Dr. Thierry Work is a veterinarian and a wildlife disease expert with 20 years of professional experience in Hawaii, the Pacific Islands and globally on diseases of sea turtles. He is credited with more than 40 journal papers on sea turtles. He is a member of the IUCN Marine Turtle Specialist Group and the IUCN Wildlife Health Specialist Group.  

Professor Brendan Godley is a marine conservation scientist and qualified veterinarian who has been working on marine turtles around the world for more than 20 years. He is a member of the IUCN Marine Turtle Specialist Group. Professor Godley was selected by the United Kingdom Department of Environment, Food and Rural Affairs to conduct an inspection in 2002 on the Cayman Turtle Farm. He also serves on the IUCN Veterinary Specialist Group, and the Turtle Implementation Group for the UK Biodiversity Action Plan for Marine Turtles. 

“We stand by our assertion that it would be less ‘independent’ to include a WSPA representative on the team, as this would introduce its own bias – as would including a member of the Cayman Turtle Farm staff on the review committee,” the Turtle Farm statement noted. “For this reason, neither a WSPA representative nor a Cayman Turtle Farm representative are included on the team.” 

The review of the Turtle Farm operations is expected to be complete by the end of January. 

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5 COMMENTS

  1. Since you have lost all credibility already it is way too late to start a we are good campaign. But I understand you have to spend the 10 million a year bonus on something.

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  2. Cayman really needs to stand up to these international bullies wanting to regulate the water we fish in, the air we breath and how much carbon emission we should be taxed for. It start this way.

    The turtle farm has absolutely no repercussion whatsoever on the natural habitat of the turtle in the wild. Since it doesn’t they now have to find some other reason to close it down. The reason for this is -because of the type of people we are dealing with and their ideology- Once we understand there there is -no- tolerance to -any- form of turtles farming, we will understand that these studies are irrelevant because they will ultimately always reject it. you are dealing with an ideology and a mindset of the international self appointed/important do-gooders here, not at all about a set of farming circumstances. they don’t want a turtle farm under Any circumstances. Period.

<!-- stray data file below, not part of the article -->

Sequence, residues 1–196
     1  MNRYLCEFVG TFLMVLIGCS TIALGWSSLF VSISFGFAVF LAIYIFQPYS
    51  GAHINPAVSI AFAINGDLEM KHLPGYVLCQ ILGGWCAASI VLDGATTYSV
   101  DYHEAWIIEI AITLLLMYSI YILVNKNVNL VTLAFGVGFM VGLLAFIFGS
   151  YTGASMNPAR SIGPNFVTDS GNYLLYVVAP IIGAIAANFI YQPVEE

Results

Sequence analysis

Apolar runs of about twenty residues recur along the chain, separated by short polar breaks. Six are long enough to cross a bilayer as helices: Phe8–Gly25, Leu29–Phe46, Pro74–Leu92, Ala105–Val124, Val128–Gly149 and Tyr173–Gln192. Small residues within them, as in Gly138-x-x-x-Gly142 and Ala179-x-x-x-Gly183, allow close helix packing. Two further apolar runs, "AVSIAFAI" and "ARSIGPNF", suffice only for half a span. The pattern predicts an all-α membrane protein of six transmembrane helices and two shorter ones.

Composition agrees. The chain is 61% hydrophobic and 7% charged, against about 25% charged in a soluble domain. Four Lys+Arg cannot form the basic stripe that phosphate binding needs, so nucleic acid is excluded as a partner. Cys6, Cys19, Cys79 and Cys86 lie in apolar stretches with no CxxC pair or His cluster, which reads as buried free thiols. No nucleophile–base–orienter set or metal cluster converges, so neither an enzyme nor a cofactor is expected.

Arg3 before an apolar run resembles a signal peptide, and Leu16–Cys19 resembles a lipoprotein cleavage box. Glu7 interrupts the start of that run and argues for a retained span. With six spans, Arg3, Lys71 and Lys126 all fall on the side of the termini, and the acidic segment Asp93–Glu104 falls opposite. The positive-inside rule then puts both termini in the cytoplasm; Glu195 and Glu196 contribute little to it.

These types radical ecowackos will not stop merely at the turtle farm. They over years will then seek to push for limits on fishing, conchs, lobsters, then the cows to strive for their prized glory of becoming a world of non-meat eating bunch of lip quivering vegans.

    Next if you haven’t already, you will hear that eating tuna will now kill you, and your entire family if you eat too much of it (soon it will be if you eat at all), mercury poisoning blah blah blah and therefore it should be banned, then it will be mackerel etc. The main reason this fear mongering hasn’t been so loud in Cayman is because we don’t actively fish it commercially. But those same bunch of radicals are trying to prevent tuna fishing across the world for the same exact reason they want to stop the turtle farm. This is not new and definitely not centric to Cayman. These people are international eco-radical and bullies.

    Once one comes to terms with that, then how to respond to those people should become clearer. Kick them the #% out or obey them and their ideology.

    And make no mistake, many of these type of mindset people are here living in Cayman pushing for this sort of thing.